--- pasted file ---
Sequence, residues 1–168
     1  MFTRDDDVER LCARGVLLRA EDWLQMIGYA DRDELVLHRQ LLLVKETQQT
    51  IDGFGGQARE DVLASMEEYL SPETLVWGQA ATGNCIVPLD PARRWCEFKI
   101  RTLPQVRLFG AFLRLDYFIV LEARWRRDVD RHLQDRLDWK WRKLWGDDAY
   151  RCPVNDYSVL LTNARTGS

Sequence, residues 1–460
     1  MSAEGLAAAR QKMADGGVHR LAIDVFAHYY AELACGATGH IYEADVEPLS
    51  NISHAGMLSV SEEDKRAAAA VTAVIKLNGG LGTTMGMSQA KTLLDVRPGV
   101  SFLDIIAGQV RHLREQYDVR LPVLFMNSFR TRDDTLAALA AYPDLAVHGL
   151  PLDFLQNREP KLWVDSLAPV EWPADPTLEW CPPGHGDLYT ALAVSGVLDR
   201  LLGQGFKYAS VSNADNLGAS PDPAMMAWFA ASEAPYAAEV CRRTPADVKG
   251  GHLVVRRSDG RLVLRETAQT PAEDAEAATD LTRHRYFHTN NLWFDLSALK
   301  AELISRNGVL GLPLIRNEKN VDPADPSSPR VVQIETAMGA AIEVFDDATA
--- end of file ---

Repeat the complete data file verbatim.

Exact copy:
Sequence, residues 1–168
     1  MFTRDDDVER LCARGVLLRA EDWLQMIGYA DRDELVLHRQ LLLVKETQQT
    51  IDGFGGQARE DVLASMEEYL SPETLVWGQA ATGNCIVPLD PARRWCEFKI
   101  RTLPQVRLFG AFLRLDYFIV LEARWRRDVD RHLQDRLDWK WRKLWGDDAY
   151  RCPVNDYSVL LTNARTGS

Sequence, residues 1–460
     1  MSAEGLAAAR QKMADGGVHR LAIDVFAHYY AELACGATGH IYEADVEPLS
    51  NISHAGMLSV SEEDKRAAAA VTAVIKLNGG LGTTMGMSQA KTLLDVRPGV
   101  SFLDIIAGQV RHLREQYDVR LPVLFMNSFR TRDDTLAALA AYPDLAVHGL
   151  PLDFLQNREP KLWVDSLAPV EWPADPTLEW CPPGHGDLYT ALAVSGVLDR
   201  LLGQGFKYAS VSNADNLGAS PDPAMMAWFA ASEAPYAAEV CRRTPADVKG
   251  GHLVVRRSDG RLVLRETAQT PAEDAEAATD LTRHRYFHTN NLWFDLSALK
   301  AELISRNGVL GLPLIRNEKN VDPADPSSPR VVQIETAMGA AIEVFDDATA